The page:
FREE SHIPPING ON ORDERS OVER $50

The Benefits of 7.0 pH for Your Oral Health

 

Staying Healthy in a Toxic World

Modern life is toxic and stressful for the body. Many of us are trying to reduce the assaults on our bodies by choosing natural products, products that not only don’t harm the body, but actively help us stay healthy. Excessively acidic conditions in the body have been linked to the common problem of inflammation, which can lead to poor health and serious disease. Keeping the body in balance is essential to health, and pH balance is part of that overall picture of health.

 

Acid Leads to Inflammation

When the body is too acidic, chronic inflammation can take hold, which has been scientifically proven to contribute to such serious health concerns as diabetes, heart disease, stroke, arthritis, asthma, Crohn’s disease, and serious autoimmune disorders.[1] Inflammation, especially chronic inflammation, has serious long-term negative effects on health. The relationship between acidity and inflammation is well-proven: acidic conditions in the body lead to health problems.[2]

 

Neutral pH Equals Better Oral Health

Studies show that people with salivary pH levels closer to neutral, or 7.0 pH, have fewer cavities than those with more acidic salivary pH levels.[3] In this article, we will explore the research around how pH balance affects oral health, and how a neutral pH level like 7.0 pH may lead to greater oral health naturally.

 

What is 7.0 pH?

You most likely learned about acids and bases in high school science class. Strong acids can burn, but actually, so can extremely alkaline substances. They can burn right through a solid surface, so image what they can do to our delicate bodies. We measure the level of acidity or alkalinity on the pH scale, with 0 being pure acid and 14 being purely alkaline. Right in the middle is 7.0 pH, which is a neutral level of neither acid nor alkaline---perfect balance.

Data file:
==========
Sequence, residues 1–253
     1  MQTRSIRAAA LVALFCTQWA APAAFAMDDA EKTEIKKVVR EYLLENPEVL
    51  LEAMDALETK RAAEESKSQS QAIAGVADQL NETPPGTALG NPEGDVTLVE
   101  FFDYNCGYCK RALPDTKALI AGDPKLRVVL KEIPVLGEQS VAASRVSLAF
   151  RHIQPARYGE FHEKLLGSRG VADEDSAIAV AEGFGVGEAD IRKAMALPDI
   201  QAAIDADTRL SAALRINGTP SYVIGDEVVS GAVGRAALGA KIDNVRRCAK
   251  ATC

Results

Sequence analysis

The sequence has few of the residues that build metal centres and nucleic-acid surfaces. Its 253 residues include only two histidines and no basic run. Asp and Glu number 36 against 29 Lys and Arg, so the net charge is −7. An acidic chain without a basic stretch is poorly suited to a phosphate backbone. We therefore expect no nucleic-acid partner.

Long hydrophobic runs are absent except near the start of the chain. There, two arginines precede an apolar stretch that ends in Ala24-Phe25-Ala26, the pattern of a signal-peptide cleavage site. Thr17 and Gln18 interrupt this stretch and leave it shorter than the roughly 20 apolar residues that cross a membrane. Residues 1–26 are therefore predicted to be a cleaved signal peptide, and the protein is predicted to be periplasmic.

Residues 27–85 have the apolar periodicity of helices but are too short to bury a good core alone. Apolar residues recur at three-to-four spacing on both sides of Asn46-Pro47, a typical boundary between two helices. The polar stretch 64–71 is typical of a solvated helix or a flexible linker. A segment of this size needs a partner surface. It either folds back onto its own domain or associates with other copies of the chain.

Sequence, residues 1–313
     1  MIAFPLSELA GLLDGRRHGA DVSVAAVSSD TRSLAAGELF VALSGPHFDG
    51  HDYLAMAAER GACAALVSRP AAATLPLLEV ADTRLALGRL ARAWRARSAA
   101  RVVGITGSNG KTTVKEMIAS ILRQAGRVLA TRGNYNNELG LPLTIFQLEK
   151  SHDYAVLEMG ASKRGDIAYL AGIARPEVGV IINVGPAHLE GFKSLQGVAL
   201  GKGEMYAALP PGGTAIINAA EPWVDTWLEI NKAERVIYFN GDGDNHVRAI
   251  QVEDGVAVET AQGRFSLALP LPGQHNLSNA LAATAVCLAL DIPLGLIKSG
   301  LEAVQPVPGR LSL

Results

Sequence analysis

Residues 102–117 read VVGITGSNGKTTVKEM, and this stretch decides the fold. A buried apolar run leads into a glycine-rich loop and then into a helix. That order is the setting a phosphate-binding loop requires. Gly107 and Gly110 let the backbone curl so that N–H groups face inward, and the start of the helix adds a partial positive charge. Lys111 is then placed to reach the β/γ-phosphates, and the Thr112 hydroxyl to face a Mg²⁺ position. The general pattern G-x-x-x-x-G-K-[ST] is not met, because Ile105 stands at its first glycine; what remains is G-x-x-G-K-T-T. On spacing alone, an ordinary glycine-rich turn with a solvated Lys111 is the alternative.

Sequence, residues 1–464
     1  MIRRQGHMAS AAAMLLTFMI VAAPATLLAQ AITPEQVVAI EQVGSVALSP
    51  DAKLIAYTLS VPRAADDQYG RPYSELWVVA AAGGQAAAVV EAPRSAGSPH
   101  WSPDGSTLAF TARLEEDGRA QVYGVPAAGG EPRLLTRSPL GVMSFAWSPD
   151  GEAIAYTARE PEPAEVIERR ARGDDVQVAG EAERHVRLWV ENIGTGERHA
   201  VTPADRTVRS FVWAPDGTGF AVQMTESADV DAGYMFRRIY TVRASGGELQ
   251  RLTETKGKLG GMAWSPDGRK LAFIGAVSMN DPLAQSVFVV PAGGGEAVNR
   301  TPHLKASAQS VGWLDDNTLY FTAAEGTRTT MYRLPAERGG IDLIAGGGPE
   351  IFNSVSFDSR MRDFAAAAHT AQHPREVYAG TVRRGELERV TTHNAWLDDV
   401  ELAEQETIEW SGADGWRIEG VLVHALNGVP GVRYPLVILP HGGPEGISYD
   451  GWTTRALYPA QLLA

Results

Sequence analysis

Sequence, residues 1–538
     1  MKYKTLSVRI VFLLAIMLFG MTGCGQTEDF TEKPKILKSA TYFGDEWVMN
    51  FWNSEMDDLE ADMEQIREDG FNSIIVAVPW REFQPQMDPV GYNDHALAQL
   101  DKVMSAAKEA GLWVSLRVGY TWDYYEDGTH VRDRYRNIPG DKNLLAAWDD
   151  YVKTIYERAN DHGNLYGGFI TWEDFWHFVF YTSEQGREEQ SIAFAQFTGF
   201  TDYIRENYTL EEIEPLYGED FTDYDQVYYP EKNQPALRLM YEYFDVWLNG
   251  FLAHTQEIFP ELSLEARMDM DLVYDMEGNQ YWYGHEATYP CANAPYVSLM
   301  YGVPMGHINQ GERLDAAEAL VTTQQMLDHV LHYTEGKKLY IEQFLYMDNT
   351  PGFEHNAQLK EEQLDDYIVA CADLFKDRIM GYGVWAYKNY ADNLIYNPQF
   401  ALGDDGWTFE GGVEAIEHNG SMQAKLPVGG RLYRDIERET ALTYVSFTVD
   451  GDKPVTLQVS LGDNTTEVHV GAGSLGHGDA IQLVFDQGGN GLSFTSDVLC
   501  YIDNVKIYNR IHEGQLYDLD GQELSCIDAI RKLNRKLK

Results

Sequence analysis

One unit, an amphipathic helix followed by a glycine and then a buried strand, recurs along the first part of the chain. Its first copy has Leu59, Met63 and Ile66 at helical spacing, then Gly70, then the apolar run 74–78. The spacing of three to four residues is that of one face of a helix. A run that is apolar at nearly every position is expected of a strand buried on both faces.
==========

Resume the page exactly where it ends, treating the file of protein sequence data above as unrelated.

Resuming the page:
The acronym pH stands for “potential for Hydrogen” and it measure the number of hydrogen ions present in a liquid. The higher the number of hydrogen ions in a substance, the more acidic that substance and the lower the pH level. We often think of good health in terms of lower number--lower cholesterol levels, lower body mass index, lower blood pressure---these are all signs of better health. But when you are talking about pH levels, lower levels can mean more acidic, so you don’t want to go too low.

 

On the other side, a high pH level indicates a more alkaline state, with fewer hydrogen ions present. However, very alkaline substances are caustic, and can cause chemical burns. A good example that you may be familiar with is ammonia, which is used in a diluted form to clean buildings but is very dangerous and requires special handling for safety. Going too far into the alkaline realm of pH is also not good for the body. Most parts of the human body need to remain pretty close to 7.0 pH.

 

Balancing pH Levels in the Body

The sweet spot is 7.0 pH. Pure water is 7.0 pH. Our blood needs to stay very close to that neutral pH, specifically within the range of 7.35-7.55 pH; lower or higher blood pH, even by a bit, can cause death. The body is pretty good at keeping the blood within this very tight range of pH. Other bodily fluids, like saliva and urine, can vary without causing immediate danger. But your body has to work hard to make sure your blood stays at a good balance, which means that excessive acidity puts a strain on the body. One exception is the acid in your stomach, which is close to 2.0 pH so it can digest your food. But closer to neutral is better for most parts of the body.